Listing ID: 76399
This beautiful, “Old World” European style, craft winery currently makes around 150,000 bottles per year, with maximum capacity of around 250,000 bottles per year. You will feel like you’ve been transported to Europe in the Tasting Room/Wine Bar. They use a very unique wine making process that’s very rare in the United States with more than 30 styles to choose from. This sale includes over $500,000 worth of extremely rare, handmade wine making equipment direct from Old World Europe, and over $1,500,000 worth of inventory (both bottled and in production). If you’ve ever dreamed of owning your own winery, this business is a must see!
- Asking Price: $1,000,000
- Cash Flow: N/A
- Gross Revenue: N/A
- EBITDA: N/A
- FF&E: $2,000,000
- Inventory: N/A
- Inventory Included: N/A
- Established: N/A
Why is the Current Owner Selling The Business?
There are all sorts of reasons individuals choose to sell companies. However, the genuine reason and the one they tell you might be 2 entirely different things. As an example, they might say "I have way too many other commitments" or "I am retiring". For many sellers, these factors stand. But, for some, these may simply be justifications to attempt to conceal the reality of changing demographics, increased competitors, current reduction in earnings, or a range of other reasons. This is why it is very essential that you not rely totally on a seller's word, however rather, make use of the seller's answer together with your total due diligence. This will paint a much more realistic image of the business's present circumstance.
Existing Debts and Future Obligations
If the existing entity is in debt, which numerous companies are, then you will certainly have reason to consider this when valuating/preparing your offer. Lots of operating businesses finance loans so as to cover items such as supplies, payroll, accounts payable, and so on. Remember that sometimes this can mean that revenue margins are too tight. Numerous companies fall into a revolving door of taking loans as a way to pay back various other loans. In addition to debts, there may also be future obligations to think about. There might be an outstanding lease on equipment or the building where the business resides. The business might have existing contracts with suppliers that should be met or might result in fines if canceled early.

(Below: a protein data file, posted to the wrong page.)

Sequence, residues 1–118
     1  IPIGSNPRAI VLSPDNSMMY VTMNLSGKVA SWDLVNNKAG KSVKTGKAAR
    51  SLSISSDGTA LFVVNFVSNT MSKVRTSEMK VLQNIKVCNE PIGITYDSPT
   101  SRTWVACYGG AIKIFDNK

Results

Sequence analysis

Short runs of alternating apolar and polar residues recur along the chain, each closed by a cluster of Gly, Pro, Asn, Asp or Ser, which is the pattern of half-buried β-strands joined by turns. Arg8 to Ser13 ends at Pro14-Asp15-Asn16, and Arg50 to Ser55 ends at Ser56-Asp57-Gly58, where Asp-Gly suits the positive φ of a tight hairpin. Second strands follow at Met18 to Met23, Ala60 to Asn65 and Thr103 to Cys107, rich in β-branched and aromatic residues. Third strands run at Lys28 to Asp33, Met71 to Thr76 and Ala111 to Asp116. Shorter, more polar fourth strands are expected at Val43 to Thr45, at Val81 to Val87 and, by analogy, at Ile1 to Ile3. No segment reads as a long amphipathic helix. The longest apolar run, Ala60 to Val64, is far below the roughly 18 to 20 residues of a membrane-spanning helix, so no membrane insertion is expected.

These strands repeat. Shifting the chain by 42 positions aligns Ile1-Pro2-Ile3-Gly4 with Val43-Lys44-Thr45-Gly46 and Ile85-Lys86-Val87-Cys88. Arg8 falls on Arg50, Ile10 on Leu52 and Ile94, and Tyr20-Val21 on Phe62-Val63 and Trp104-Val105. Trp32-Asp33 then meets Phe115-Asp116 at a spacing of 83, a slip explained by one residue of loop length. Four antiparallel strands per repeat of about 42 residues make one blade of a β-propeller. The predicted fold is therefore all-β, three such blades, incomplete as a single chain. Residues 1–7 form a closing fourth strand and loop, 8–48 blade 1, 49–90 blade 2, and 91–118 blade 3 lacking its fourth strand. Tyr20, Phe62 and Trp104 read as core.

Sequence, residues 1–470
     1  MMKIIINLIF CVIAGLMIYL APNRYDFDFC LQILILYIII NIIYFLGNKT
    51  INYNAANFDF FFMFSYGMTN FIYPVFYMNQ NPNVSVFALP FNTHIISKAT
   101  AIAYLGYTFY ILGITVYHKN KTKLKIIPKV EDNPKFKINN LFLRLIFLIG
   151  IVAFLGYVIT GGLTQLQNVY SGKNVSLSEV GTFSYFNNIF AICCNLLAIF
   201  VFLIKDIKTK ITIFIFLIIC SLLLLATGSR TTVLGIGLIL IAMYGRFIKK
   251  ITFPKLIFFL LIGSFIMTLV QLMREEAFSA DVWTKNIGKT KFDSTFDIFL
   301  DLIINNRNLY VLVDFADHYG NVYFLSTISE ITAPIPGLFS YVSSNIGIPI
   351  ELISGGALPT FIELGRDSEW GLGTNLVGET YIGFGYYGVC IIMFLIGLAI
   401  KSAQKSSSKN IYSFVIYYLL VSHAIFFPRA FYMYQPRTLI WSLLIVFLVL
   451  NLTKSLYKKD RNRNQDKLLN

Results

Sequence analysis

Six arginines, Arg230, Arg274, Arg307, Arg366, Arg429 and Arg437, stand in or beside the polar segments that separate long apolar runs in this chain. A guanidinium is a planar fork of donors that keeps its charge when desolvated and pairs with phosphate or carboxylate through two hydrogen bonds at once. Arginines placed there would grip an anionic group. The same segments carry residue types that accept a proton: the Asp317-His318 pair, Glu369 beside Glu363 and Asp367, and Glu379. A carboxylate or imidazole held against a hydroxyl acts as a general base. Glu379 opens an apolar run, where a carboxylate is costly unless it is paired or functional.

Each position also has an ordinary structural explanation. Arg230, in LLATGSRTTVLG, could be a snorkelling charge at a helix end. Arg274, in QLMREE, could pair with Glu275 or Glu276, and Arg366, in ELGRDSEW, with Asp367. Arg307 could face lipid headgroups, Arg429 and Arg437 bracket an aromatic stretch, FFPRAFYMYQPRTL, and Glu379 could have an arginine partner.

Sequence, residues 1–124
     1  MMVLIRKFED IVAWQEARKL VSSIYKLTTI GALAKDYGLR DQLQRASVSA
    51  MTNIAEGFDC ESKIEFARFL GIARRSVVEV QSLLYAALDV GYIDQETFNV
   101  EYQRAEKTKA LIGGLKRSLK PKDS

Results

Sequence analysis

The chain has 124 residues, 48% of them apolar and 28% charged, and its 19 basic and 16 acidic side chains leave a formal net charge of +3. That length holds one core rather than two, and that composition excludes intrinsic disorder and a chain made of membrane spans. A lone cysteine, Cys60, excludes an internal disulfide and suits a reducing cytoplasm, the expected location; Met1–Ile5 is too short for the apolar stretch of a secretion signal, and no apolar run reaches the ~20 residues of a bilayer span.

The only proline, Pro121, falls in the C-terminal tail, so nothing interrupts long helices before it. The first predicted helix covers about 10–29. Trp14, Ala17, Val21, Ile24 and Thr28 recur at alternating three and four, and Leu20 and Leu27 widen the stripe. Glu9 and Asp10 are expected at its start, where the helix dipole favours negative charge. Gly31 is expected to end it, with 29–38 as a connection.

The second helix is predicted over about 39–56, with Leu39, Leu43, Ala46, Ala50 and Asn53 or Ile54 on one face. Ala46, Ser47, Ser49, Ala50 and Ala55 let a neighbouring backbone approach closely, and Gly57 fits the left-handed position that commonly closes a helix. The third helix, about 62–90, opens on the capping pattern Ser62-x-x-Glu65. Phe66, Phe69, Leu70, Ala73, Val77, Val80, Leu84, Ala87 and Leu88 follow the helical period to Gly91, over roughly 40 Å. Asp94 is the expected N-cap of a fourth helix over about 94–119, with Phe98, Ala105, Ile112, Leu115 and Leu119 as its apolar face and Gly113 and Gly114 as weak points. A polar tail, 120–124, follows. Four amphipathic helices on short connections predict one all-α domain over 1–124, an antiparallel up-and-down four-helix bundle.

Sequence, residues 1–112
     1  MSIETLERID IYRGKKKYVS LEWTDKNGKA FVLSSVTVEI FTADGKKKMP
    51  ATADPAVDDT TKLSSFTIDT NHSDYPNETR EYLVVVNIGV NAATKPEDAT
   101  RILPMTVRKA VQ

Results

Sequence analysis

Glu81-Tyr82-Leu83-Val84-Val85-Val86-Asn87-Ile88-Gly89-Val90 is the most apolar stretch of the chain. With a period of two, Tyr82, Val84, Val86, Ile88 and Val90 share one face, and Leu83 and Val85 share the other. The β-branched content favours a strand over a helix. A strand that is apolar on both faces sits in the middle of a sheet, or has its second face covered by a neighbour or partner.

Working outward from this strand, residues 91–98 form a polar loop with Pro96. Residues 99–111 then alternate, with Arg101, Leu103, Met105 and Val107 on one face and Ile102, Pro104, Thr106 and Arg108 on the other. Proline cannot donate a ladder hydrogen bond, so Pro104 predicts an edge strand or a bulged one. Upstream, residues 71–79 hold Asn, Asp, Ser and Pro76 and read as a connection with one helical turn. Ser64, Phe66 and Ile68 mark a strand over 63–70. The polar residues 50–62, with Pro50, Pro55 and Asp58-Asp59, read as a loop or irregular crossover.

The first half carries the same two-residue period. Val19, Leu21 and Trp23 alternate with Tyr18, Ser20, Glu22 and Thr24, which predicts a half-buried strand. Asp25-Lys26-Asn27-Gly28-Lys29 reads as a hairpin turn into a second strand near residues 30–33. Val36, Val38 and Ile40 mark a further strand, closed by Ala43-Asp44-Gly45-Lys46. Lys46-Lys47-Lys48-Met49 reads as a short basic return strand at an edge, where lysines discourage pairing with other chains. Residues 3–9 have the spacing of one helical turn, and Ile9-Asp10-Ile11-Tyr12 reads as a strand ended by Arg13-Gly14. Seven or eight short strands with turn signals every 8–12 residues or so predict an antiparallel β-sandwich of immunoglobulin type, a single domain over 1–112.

Understanding the Customer Base, Competition and Area Demographics
How do operating businesses in the area bring in new customers? Often times, businesses have repeat customers, which form the core of their daily revenues. Specific factors such as brand-new competitors sprouting up around the location, road building, and also staff turn over can affect repeat customers and also negatively impact future profits. One important thing to think about is the location of the business. Is it in a very trafficked shopping center, or is it concealed from the highway? Certainly, the more people that see the business on a regular basis, the better the chance to develop a returning client base. A last idea is the general area demographics. Is the business placed in a largely populated city, or is it situated on the outskirts of town? Exactly how might the neighborhood median family earnings impact future earnings potential?